No, I have to reload, but, you know, this is slick, right? So, you can see that with a little bit of fumbling, I haven't opened the Docs ones. We were able to figure out how to mess with that, so that when you activate the box, basically by dragging it, you get a color change.

And you know what? If you didn't want to do that whole node passing business, you could even have that node color change happen in the action, the drag action as well.


And the coolest thing about any of that as well is that the spring motion, the motion spring thing that comes with Svelte doesn't just work on, you know, straight-up numbers. I think you can -- you can interpolate between colors as well. I have not used but I think you can. Let me see. So, the spring -- I'm pretty sure you can transition between colors as well.

Ooh, that's cool.

So, I know you can with the tweened version of it. So that would give you the able to add that physics-based tween to the -- like, if you were to put the color in --

Like, in my coordinates or something?

Yeah, I'm wondering if it this would mess up the drag parameters.

Yeah, you know what? Let's not worry about it. Because what I'm actually more curious about, I'm actually really curious to see what happens when we deploy this. So what I'm gonna to is I'm gonna back this decision out. So we will not do the color anymore.


I'm just gonna leave the color off so that we don't have to deal with that. And I'm going to drop it out of our custom event as well. So we don't need those anymore. We're not using them. And I'm gonna drop out our -- where's my drag? Let's just get rid of all of that. Okay, so that was fun, but that's not what we're interested in. What I'm interested in is what happens when we build this thing. And so build is just a command like this. So, let's pull up here I'm gonna run Okay. Now I want to serve this and I just want for see how small the bundle is. So, let's reload. And I'm gonna go to my network tab. And I think this is the updated version here. 14 -- so the rest of that is HTML CSS, you know, the actual document itself, but that is really slick. Let me make this a little bit bigger so we can see. 9.1 kilobytes. While I'm doing that. I know you just did a course on this. What else would somebody learn if they took this course?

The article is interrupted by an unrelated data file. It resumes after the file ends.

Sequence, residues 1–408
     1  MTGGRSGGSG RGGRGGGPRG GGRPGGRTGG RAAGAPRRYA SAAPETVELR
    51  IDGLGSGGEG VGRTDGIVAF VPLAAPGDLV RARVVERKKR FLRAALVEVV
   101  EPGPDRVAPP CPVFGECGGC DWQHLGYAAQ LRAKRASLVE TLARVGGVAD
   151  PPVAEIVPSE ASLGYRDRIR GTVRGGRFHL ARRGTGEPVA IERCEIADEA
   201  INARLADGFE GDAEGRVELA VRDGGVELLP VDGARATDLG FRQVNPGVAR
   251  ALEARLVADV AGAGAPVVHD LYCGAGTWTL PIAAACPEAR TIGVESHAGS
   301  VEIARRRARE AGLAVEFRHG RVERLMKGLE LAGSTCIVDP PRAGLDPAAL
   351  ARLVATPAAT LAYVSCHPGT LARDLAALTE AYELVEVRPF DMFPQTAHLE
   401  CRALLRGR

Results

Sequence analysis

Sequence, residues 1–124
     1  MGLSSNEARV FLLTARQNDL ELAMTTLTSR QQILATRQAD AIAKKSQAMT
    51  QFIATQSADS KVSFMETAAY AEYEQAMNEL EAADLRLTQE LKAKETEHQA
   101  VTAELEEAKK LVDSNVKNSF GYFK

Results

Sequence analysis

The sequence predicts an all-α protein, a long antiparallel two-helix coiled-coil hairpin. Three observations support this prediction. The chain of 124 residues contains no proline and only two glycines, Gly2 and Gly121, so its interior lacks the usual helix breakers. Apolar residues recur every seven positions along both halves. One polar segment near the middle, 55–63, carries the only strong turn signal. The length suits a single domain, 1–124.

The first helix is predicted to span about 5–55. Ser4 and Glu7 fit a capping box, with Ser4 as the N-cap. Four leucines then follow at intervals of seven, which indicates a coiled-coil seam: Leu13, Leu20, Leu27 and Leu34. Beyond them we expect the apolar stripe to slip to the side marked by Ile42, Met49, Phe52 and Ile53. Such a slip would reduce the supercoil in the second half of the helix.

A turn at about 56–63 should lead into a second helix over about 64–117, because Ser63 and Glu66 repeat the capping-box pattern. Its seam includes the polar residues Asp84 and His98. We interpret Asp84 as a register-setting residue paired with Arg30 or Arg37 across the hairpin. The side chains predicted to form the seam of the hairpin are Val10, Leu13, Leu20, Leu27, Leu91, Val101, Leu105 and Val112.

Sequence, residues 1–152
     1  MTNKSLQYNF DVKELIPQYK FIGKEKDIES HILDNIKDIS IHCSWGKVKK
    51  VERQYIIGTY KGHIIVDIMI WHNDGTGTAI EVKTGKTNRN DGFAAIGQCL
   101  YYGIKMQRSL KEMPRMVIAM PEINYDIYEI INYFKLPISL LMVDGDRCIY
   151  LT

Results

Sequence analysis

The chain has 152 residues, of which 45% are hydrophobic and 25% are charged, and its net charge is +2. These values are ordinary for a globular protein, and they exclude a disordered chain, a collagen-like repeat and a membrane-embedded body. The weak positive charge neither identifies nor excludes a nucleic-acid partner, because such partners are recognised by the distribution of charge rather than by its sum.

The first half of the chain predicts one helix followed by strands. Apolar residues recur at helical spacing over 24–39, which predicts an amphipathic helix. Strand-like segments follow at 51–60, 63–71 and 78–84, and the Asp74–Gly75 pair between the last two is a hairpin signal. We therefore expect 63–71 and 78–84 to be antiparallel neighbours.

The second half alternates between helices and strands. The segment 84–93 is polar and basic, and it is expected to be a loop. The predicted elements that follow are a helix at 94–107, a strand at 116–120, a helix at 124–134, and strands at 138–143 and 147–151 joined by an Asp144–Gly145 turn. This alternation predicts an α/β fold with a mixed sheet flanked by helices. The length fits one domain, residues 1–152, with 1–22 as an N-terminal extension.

There is a lot of neat stuff. We mentioned beginning there is flip animations, this thing called cross fade which is really tricky because the Docs aren't great on it. Cross fade allows you to essentially take an item that is in one container and an item -- I mean, let's say you have two containers. Items in a container, let's say you want to move a jelly bean from one jar to the other. Well, it's gonna allow you to animate, like, basically what you do in the HTML is you say jelly bean, go in other jar. What cross fade does is allow that animation to be automatic between those two locations so you don't physically have to tell the jelly bean, all right, translate 800 pixels this way. Here is the end state in the dom, and now fade between the two. And my man Mark's got a nice little REPL in the chat there.

Let me pull that up.

You'll get those kinds of things. Cross fade. I also talk a little bit about staggering animations, which are shockingly easy.

Ooh, that's really nice.

Yeah, we go a little more in depth into the actions bit of creating that drag plug-in. We talk a little bit more about the custom animations. And there's a whole bunch of, like, little things here and there with subscribing to events. So the course is really built on the idea of practical animations. So we built this really, really nice-looking model. And it functions exactly how you like. Sort of like all the animations where it just kind of fades up and in, fades up and down, you know, when you close and open it. Gives you several click points to close it, whatever. We built, like, a toast app, like a little toaster. Like, a toaster --

Oh, nice.